- Stand in front of the mirror with your hands at your side. Look for nipple inversion or retraction (where your nipples look like they are going back into your chest). This can be a normal variant in women, but if it is something new, it should absolutely be followed. Look for any color changes like an orangish tinge to your tissue, or dimpling, these can also be concerning.
- Lift your hands overhead and turn to the side. If the tissue has a smooth contour, this is reassuring. Again, any retraction or dimpling is what you are looking for.
- Lie down and put one arm behind your head. With your other hand, using the tabs of your middle three fingers and in circular motion, move your fingers across your breast from top to bottom, like you are mowing the lawn – I know, super weird analogy, but basically – you don’t want to miss any tissue. Make sure to also analyze the tissue up into your armpit and just to the side of it. You have this triangular piece of tissue that extends almost to your shoulder that is a very common place for masses to grow. We don’t think of it, because it doesn’t look like breast tissue, but it is an extension of it and should be assessed. Apply light, medium, and then deep pressure as you move your fingers. Switch arms and do the other side. Bumpy areas that are painful and move are generally okay. Hard areas that are not painful and do not move are not normal.
- Remember, that you do have ribs underneath your breast tissue. If you are feeling a long hard area and can follow it to your sternum or out to the side, it is a rib. Seems silly, but when you are being hyper-aware and are really concerned, you could very well think this is a mass. Rest assured, it is just bone.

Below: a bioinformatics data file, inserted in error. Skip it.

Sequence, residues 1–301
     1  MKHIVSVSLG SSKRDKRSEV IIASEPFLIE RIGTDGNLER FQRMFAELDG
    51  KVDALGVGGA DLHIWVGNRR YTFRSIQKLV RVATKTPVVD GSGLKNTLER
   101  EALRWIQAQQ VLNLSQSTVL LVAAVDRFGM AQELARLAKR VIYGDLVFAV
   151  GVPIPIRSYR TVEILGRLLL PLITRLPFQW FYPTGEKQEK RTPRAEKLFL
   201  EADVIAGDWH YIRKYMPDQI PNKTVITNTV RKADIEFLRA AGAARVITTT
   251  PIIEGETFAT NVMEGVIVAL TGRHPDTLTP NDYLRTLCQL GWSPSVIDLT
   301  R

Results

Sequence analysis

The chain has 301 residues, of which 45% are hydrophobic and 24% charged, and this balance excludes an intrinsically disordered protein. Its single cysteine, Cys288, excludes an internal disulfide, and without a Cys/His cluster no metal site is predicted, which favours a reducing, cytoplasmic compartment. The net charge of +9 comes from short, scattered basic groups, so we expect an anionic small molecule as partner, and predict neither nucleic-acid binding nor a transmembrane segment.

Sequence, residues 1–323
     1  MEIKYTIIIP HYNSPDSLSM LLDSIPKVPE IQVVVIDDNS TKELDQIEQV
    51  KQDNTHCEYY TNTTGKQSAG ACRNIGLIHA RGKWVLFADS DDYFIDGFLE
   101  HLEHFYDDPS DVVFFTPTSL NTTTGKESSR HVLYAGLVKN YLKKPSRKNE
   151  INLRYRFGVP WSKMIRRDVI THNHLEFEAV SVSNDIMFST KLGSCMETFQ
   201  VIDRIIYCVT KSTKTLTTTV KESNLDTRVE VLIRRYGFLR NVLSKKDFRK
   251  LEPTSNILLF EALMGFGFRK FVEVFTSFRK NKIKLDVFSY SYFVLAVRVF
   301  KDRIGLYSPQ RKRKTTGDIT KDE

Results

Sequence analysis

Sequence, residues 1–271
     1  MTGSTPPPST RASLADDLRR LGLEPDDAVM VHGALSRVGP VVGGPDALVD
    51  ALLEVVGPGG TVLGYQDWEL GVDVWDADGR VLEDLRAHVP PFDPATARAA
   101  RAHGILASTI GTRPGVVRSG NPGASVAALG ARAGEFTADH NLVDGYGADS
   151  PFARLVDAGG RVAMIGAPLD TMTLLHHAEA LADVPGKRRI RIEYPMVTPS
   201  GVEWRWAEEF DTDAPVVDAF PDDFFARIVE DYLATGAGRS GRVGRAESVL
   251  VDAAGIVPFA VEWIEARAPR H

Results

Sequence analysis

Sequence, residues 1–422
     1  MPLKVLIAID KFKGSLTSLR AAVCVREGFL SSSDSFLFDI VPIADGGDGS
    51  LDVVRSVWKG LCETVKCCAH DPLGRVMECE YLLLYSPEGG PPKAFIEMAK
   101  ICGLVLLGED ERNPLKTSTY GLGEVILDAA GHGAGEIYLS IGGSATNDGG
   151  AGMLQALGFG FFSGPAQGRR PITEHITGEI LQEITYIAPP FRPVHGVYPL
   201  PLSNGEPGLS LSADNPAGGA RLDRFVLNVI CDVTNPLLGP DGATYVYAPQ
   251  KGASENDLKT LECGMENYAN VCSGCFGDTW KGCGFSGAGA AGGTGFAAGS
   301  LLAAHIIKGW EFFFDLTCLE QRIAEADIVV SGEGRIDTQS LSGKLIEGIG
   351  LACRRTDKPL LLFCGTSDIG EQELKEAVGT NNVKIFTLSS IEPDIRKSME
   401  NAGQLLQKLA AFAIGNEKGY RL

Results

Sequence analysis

- Finally, if you ever find something you are concerned about, please go see your doctor. We live in a world of better safe than sorry, and breast cancer is obviously much more manageable when caught early.
- Breast MRIs: People are getting pretty excited about this. It is more sensitive than mammograms, but there are way more false-positives, which means making women nervous about having cancer when they don’t need to be, and doing more unnecessary biopsies. For right now, this is something that is reserved people with the risk factors above (BRCA gene carriers, first degree relatives of people with the BRCA gene) – essentially for those who have a lifetime risk of 20-25% or greater.
- Abnormal Findings: When you have a mammogram, there is always the possibility that there will be something questionable. The radiologist’s job is to find anything that could possibly be cancer and investigate it further. Following an abnormal reading, you will have to have a biopsy. Fortunately, nine times out of ten, the abnormality is not cancer at all. It could be some kind of fibrous tissue, vessels, the way the image was taken, etc. Long story short, an abnormal mammogram is not always an indication of cancer, in fact, more often than not, there won’t be cancer.
That’s all folks. I know, it is a lot of information. Hopefully it’s helpful. Let me know if you have any questions!
XOXO – Emmy Lou Lou